Two Years After Planting, Niche Blossoms For TULIP

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The credit union mantra- people helping people-is well known to anyone reading this publication. But TULIP Credit Union here takes it a step further than most: providing small loans to those with few other options, and offering financial literacy assistance to all of its members.

After 10 years of discussion and development, TULIP CU-the name stands for Thurston Union of Low-Income People-opened its doors Dec. 15, 2003. It serves residents of Thurston County who earn no more than 80% of the national median income. In addition, membership in the credit union is open to the 14,000 participants in the Olympia Food Coop, a membership grocery store for people of all income levels.

As the CU nears the end of its second full year, CEO Darlene Morales told The Credit Union Journal TULIP makes a lot of loans no other financial institution would want.

Who's Doing The Borrowing

"Almost half of our loans, 42%, are to people with credit scores between 500 and 700," she said. "As a start-up, we have restrictions on what loans we can do. We do unsecured loans from $250 up to $1,000, plus secured loans on things such as autos for up to $25,000."

Because the majority of its auto loans involve high-mileage used cars, TULIP's average auto loan is approximately $8,000, Morales said. The borrower's interest rate is risk-based on credit score: the better the credit, the better the rate.

"What makes us different is we put evaluating character back into it," Morales said. "We know the stories of every person who comes in to open an account: who they are, what their intentions are. Some have poor credit. Some have made mistakes in their past. These people are intimidated by financial institutions, and they need a little more handholding in the application procedure."

TULIP takes an educational approach with every member, she continued. "Financial literacy is not just for low-income people. Some people make a lot of money, but don't handle it well."

For example, one member-who Morales said has a good amount of disposable income-recently asked for $1,000 to pay off collection accounts. In talking to the member, it was discovered the amount owed to collectors was more than $1,000. Instead of making the loan, TULIP will take another tack. "If we made that loan, it would have been a Band-aid - just another debt the person owed. We will sit down with the member and discuss where they are, what they owe and how to get out of it."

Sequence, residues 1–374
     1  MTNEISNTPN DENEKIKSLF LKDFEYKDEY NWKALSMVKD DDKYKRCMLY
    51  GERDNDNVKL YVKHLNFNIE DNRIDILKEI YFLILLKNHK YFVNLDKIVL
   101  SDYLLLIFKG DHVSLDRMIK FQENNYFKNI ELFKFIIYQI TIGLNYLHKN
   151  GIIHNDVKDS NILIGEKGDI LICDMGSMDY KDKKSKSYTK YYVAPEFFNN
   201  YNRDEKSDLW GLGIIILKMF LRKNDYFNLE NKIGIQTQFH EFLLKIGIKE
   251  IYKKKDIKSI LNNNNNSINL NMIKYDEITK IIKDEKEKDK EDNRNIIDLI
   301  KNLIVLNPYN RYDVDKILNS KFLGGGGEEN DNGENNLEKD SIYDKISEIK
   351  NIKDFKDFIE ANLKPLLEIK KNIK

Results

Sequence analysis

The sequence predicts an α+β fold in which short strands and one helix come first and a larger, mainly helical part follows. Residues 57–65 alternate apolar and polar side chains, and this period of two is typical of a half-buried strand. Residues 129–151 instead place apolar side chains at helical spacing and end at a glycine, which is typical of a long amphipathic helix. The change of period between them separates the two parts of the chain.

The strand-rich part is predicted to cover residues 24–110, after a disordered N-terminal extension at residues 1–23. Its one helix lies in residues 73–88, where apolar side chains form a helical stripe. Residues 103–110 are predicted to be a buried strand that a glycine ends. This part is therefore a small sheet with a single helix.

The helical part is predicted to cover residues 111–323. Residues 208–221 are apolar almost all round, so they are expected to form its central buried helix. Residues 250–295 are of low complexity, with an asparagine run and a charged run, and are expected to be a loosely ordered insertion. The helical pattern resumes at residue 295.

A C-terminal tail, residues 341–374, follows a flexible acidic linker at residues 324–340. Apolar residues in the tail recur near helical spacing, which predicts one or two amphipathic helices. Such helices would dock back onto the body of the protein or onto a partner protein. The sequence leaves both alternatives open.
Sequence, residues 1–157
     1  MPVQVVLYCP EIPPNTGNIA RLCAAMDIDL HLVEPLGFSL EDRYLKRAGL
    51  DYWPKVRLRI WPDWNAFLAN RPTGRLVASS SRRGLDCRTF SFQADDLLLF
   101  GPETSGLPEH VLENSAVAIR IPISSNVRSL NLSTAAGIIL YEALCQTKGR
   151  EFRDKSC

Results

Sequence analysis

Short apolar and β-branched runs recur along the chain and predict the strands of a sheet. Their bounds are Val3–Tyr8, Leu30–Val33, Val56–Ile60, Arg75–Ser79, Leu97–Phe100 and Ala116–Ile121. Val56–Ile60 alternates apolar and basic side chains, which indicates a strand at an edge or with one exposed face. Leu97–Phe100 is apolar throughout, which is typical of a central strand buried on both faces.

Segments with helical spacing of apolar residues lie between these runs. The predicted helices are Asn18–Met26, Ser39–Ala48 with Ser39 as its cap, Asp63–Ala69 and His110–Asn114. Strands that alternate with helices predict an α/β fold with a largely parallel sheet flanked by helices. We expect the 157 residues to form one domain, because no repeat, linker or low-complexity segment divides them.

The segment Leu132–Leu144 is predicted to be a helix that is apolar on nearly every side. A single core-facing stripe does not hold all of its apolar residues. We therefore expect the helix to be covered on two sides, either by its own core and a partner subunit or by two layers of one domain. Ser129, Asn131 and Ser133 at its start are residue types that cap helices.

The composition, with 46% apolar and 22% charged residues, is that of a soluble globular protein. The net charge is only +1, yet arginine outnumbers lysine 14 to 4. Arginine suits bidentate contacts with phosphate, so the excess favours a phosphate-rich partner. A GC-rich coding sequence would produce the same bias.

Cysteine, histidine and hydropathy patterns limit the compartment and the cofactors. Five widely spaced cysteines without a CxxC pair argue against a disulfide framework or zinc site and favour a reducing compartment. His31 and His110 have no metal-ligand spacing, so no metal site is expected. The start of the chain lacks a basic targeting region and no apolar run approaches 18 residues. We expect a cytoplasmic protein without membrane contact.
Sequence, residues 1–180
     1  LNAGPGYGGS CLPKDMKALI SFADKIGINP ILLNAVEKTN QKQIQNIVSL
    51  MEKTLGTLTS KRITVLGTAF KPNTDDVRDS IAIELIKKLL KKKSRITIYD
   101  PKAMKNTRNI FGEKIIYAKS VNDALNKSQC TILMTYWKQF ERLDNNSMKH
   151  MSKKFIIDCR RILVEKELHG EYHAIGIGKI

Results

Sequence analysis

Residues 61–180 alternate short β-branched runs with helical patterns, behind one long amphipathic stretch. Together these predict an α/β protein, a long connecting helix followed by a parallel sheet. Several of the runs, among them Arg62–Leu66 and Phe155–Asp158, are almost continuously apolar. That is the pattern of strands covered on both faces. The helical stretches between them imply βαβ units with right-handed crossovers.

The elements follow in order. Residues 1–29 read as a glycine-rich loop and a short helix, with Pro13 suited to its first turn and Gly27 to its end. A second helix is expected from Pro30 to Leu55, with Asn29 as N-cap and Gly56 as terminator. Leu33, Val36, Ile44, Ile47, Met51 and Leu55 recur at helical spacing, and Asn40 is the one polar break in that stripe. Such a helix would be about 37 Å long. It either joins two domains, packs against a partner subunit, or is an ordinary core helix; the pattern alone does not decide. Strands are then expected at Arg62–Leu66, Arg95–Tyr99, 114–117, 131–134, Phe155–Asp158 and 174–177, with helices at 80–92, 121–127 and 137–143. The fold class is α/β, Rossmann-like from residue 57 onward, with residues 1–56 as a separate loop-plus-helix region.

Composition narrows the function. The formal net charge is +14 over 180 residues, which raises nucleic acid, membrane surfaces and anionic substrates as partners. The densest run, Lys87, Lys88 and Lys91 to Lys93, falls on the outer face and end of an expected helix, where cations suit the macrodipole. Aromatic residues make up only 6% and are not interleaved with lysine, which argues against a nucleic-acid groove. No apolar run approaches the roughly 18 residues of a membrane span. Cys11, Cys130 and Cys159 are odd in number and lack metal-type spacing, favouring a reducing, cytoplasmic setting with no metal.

TULIP only can suggest and teach so much, she added. "It is still up to the individual to take that action. We tell members the only person responsible for their finances is them."

Two of Washington's largest credit unions- Washington State Employees Credit Union and BECU-have been instrumental in helping TULIP get founded and continue to operate. Morales said WSECU supplied staffing during start-up, and continues to give support in the key areas of technology and accounting. BECU supplied start-up capital, and a member of its management team served, until recently, as a board member.

TULIP is a cashless operation, so members conduct transactions at a BECU ATM at TULIP's headquarters. TULIP members can use any WSECU or BECU ATM without fee.

One of the ways TULIP gives back to its local area is through its partnerships with social services organizations such as Community Youth Services and the Emergency Shelter Network. Morales said she and other representatives from the credit union developed classes on basic life skills such as budgeting and using a checking account.

Both organizations sponsored a series of classes in June. TULIP will return to Community Youth Services-an organization that helps older youth transition from foster care to living on their own-in November to teach financial basics.

While 70% of TULIP's members are low-income, Morales said it does not seek to just serve that demographic. In fact, high-income members are welcome as their deposits underwrite the lending. "We are looking for folks who want to make an impact on their community by doing their banking with us."

TULIP recently passed 600 members. Morales said total assets are $2.3 million-all but $400,000 of which are non-member deposits. "Other credit unions deposit money so we can lend. That's really the credit union spirit."

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